Monday, April 23, 2007

Creative Minds: What is Divergent Thinking, Anyway?

Thanks, Kristine for this HT at acleareye.com.

"...how would an engineer see the glass? Probably that it's twice as big as it needs to be. The accountant would want to know if the glass really needs all that water. The physicist would say that the volume of this cylinder is divided into two equal parts; one a colorless, odorless liquid, the other a colorless, odorless gas. Thus the cylinder is neither full nor empty. Rather, each half of the cylinder is full, one with a gas, one with a liquid. And the quantum physicist would tell you that the glass has a 50% probability of holding water." Click on the link to read more descriptions, and also check out the comments from marketers about what they see.

I love this post because it made me think about how superficial many of our attempts at divergent thinking might be. If you go to a weekend workshop on lateral thinking, present your lesson plan on divergent thinking, or try to sit and think up more creative possibilities for a problem, you may come up with more ideas (some more formulaic than others), but they won't be so different as they would be coming from a totally different expert in a totally different discipline. That's probably why switching disciplines can be such a powerful stimulus to production of creative work. Anyone can sit with a laundry list of creative techniques and move variables around like tiddlywinks on a page, but really see information from a different knowledge base and context may lead to more profound insights and associations.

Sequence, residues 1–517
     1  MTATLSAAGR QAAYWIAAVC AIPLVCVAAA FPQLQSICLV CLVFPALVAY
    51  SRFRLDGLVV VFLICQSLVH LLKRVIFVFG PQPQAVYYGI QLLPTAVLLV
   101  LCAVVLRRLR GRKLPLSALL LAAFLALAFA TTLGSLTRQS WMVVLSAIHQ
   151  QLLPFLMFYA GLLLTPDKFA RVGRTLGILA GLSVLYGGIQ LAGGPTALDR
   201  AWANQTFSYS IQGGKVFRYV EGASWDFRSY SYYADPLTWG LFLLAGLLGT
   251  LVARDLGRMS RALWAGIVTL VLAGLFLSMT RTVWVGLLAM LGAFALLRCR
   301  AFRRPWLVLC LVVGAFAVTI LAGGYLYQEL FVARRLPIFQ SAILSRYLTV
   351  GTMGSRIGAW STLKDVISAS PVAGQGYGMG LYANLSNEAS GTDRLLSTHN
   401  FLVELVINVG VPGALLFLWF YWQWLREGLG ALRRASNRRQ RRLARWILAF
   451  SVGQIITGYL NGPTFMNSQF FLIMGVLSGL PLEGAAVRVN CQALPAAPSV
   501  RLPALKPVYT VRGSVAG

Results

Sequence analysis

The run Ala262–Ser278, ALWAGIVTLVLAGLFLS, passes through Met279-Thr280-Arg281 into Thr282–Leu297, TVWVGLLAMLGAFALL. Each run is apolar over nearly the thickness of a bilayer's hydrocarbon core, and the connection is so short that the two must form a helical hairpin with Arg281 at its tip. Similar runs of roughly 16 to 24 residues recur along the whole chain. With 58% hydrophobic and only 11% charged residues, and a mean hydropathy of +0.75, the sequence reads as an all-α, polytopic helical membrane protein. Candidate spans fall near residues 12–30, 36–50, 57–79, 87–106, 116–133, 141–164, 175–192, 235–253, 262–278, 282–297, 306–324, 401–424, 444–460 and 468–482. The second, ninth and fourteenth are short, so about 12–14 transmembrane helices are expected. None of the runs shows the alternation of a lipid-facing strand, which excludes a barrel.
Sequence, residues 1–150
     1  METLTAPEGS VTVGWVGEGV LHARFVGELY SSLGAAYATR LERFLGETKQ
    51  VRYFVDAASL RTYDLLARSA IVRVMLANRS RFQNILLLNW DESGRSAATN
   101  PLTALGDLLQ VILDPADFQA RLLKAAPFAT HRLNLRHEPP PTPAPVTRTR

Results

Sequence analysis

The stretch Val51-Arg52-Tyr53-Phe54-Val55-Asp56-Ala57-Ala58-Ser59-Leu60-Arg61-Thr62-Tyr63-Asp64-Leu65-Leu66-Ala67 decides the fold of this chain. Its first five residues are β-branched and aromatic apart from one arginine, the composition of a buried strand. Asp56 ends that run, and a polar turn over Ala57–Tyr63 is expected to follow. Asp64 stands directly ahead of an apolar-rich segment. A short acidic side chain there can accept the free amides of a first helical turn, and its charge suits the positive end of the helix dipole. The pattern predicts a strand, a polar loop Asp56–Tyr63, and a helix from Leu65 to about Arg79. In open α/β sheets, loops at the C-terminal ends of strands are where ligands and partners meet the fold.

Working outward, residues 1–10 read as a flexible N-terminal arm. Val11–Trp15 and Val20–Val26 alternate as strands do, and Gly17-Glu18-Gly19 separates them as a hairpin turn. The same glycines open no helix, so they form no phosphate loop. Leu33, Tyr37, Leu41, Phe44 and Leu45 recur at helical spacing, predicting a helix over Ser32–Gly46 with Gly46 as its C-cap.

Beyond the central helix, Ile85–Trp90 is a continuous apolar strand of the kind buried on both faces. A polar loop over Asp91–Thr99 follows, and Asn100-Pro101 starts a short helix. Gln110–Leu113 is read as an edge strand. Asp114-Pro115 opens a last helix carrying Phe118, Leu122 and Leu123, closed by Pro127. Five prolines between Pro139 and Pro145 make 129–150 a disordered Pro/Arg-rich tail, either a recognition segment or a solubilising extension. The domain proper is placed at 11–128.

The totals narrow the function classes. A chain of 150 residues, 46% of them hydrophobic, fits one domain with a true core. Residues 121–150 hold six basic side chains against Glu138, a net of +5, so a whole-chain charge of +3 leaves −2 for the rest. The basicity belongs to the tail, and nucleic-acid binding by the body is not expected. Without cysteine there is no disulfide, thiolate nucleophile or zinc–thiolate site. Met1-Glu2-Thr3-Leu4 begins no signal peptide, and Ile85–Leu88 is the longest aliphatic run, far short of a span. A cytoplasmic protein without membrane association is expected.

In a study such as this which instructed test subjects to "be creative" (vs. "be uncreative") making a story out of certain words, its not surprising that mostly prefrontal activity in the brain is seen (thinking a creative solution). What don't you see? Mobilization of prior knowledge (temporal lobes), imagery (parietal), or even emotions or reward (limbic). This might be the difference between the little-c creativity and big-C Creativity Simonton talks about in articles like this one.

Now wouldn't be interesting to compare minds of engineers, artists, quantum- and non-quantum physicists, marketers, writers, and you name it looking at the same glass? Could we be forcing students to look their glasses with only one answer?
Eide Neurolearning Blog: Switch! Cross Disciplinary Thinking
Eide Neurolearning Blog: fMRI of 'Creativity'

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